First what does a beginner do to start getting into 2mm model railway layouts?
– The 2mm Scale Association website (www.2mm.org.uk)
– A booklet called “The Beginner’s Guide to 2mm Modelling” from the 2mm Scale Association.
And you’ll pretty much have to join the 2mm Scale Association to get the bits you need to make the model.
If you are quick off the mark, you could sign up for a day-long tutorial on getting started in Oxford in December
Can I use Steam or use a diesel shunter?
Its slightly harder for both DCC and 2mm in that there are not many easy to convert small N steam locos around. Would a Farish 04 diesel be acceptable; its a bit easier to convert ?
If happy with a bigger locomotive, a new Farish class 37 runs excellently, converts to 2mm very easily, and has a DCC decoder socket inside it.
If you are willing to build your own locos (or assemble 2mm kits) then steam is practical.
I want to do the inglenook layout like the one above, and I think I want to go straight to DCC because of the better slow operation it allows (is this correct?)
Yes in my experience. Clive Road runs extremely well under DCC, I was using it a few weeks ago with its current owner.
But DCC won’t hide basic mistakes; track needs to be level and clean. Locomotives need to pickup from all their wheels, etc.
But I don’t yet know enough about 2mm – what exactly is different in scale – everything? Do I need to get 2mm specific everything? Or just the gauge?
Depends how pedantic you get about scale. Officially 2mm is 1:152, whereas British N gauge is 1:148. If you are a total purist you will therefore build all your stock to 1:152. However, most modellers I know use a mixture, at least when starting out.
At a minimum you will be:
1) Building your own model railway layouts, or commissioning someone to make it for you (not expensive, around Â£15/turnout from the track builder I know).
2) Rewheeling N rolling stock, a simple matter of removing old wheels and dropping in
3) Converting N locomotives. In some cases the wheel tread can be turned to a 2mm profile and the back-to-back adjusted. This tends to work better for diesels, though is possible for some steam locomotives.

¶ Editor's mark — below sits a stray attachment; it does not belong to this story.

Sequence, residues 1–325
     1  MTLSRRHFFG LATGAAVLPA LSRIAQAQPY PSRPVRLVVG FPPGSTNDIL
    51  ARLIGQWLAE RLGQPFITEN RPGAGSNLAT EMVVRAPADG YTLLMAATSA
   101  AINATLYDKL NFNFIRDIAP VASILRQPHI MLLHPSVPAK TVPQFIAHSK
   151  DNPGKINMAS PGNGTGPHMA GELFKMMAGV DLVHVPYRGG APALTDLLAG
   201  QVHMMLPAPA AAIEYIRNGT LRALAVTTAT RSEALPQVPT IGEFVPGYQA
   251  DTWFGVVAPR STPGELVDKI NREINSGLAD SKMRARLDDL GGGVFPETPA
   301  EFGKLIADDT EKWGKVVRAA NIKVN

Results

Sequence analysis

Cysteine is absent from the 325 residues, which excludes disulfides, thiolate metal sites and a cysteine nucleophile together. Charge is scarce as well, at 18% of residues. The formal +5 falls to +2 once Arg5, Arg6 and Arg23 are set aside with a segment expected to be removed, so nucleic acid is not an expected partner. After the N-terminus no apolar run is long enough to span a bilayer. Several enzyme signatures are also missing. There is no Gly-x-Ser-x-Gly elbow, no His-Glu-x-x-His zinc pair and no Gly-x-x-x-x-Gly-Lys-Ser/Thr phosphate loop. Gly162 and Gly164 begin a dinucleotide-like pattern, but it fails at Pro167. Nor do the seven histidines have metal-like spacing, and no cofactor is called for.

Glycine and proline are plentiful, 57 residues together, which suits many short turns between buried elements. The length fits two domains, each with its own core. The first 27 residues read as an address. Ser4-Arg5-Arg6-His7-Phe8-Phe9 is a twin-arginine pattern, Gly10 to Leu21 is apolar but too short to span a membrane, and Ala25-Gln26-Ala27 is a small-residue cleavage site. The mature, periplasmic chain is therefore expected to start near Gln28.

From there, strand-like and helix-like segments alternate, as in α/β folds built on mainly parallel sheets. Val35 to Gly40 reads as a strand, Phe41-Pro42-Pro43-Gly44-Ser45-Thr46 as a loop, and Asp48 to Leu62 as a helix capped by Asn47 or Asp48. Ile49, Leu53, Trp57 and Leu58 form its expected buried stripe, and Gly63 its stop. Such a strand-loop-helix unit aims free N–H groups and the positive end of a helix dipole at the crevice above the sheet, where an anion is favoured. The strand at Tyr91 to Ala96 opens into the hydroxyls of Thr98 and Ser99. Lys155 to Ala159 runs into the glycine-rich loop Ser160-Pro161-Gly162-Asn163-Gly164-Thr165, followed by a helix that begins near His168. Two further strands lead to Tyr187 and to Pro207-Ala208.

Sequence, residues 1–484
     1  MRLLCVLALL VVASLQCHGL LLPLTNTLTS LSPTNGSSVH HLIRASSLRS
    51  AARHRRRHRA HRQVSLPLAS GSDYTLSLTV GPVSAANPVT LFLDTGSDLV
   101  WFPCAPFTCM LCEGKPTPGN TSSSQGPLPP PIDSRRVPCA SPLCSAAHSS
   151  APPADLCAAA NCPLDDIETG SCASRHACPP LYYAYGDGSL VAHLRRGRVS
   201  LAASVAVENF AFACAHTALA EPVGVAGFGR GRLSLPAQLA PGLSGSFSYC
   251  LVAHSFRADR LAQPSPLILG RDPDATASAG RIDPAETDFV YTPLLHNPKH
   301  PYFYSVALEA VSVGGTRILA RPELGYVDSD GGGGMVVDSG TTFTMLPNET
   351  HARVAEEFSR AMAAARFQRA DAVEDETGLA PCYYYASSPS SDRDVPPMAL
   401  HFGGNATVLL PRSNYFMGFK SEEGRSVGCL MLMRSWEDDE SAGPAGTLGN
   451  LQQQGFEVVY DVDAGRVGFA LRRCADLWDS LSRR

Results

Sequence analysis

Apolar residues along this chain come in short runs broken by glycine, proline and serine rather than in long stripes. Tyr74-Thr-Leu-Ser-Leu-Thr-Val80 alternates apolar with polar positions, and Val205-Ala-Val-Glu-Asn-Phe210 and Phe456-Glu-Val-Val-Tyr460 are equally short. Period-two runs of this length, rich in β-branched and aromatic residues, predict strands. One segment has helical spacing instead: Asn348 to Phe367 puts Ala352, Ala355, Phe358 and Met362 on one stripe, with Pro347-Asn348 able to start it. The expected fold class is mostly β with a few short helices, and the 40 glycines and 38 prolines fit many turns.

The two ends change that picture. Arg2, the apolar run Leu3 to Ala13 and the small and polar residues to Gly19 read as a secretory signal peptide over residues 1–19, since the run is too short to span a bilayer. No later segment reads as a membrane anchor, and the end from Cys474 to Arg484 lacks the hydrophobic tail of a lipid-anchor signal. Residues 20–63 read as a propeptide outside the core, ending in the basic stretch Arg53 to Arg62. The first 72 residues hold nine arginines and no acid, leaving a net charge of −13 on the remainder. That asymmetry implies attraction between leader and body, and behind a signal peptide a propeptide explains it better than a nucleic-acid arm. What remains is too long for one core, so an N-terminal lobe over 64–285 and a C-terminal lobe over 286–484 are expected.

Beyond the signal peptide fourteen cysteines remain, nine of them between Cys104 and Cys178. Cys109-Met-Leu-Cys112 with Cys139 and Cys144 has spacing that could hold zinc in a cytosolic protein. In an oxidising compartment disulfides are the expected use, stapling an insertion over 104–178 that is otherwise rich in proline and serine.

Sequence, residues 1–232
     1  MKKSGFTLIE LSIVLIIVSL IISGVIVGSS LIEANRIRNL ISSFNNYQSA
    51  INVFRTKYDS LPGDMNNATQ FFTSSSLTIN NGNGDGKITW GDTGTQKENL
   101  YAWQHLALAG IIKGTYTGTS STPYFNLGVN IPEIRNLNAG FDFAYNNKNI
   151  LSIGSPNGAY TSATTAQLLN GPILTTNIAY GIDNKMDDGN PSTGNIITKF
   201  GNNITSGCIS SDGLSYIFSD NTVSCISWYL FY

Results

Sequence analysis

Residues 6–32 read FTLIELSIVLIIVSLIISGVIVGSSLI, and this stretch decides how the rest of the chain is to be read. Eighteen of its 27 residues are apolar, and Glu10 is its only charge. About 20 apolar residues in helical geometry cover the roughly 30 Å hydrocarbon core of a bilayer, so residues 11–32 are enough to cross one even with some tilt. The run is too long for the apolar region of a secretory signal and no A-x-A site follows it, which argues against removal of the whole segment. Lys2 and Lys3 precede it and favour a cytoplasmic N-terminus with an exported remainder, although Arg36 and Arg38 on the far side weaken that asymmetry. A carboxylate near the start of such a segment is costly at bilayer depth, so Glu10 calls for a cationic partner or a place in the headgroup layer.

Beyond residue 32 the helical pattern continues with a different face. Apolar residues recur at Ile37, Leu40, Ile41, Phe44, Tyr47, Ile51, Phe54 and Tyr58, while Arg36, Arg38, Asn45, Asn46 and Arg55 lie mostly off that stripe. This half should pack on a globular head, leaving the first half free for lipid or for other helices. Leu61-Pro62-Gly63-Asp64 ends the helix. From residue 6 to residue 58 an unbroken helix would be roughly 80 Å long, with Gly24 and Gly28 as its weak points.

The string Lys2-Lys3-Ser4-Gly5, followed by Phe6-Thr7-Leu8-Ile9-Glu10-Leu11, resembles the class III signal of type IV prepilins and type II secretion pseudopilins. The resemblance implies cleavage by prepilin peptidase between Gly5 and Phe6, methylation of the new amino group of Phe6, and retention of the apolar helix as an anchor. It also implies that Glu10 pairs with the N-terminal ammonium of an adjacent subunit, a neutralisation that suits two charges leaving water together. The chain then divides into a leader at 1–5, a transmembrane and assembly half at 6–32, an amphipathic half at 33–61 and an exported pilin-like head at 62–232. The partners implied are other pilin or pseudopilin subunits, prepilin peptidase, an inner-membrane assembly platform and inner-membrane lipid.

Optionally, you will be:
4) Building finescale kit rolling stock; either for items not available commercially, or because you think the finescale item looks better than the commercial one (eg. contrast Stephen Harris kit mineral wagons with any plastic ones, and appearance wise, the Harris ones win. But they cost more and take time to assemble).
5) Building finescale locomotives. There are a handful of complete 2mm scale locomotive kits, the majority being North Eastern prototypes.
6) Changing the couplings on N stock to something smaller and capable of remote operation. The Clive Road pictures will show DG couplers which are opened by an electromagnet below the baseboard, once open the wagon can be propelled into a siding and left behind. There are numerous coupling options with various pros and cons.
For the DCC side, you just need a decent chip in your locomotives. Suggest you buy either Zimo 620 or CT Elektronik DCX74 or DCX75. They run really well with small motors at low speeds. If picking a DCC (or analogue) controller for such a simple layout, then don’t go overboard on keys; you’ll only have one or two locomotives so won’t need to select from a thousand ! Feeling good in your hand is the critical issue; there are quite a few decent and not overly expensive options.
> Finally, what books/resources can I go off and read and then get going I don’t yet even though what sort of stuff I should be putting on an inglenook, as I do want it to be realistic, so don’t want to just go off and fo my own thing, if it is unrealistic and not what such siding would be used for.
In some respects you are starting from the wrong position; the Inglenook concept was a “trainset” shunting puzzle. If looking for a prototype, you need to dig around to find a small siding or industrial yard of about that arrangement and work up from it. In steam days before Beeching, there were many on minor branch lines (I can think of half a dozen within 8 miles of my home in rural Suffolk).
Alternatively, look at more modern items such as loco stabling and refueling points.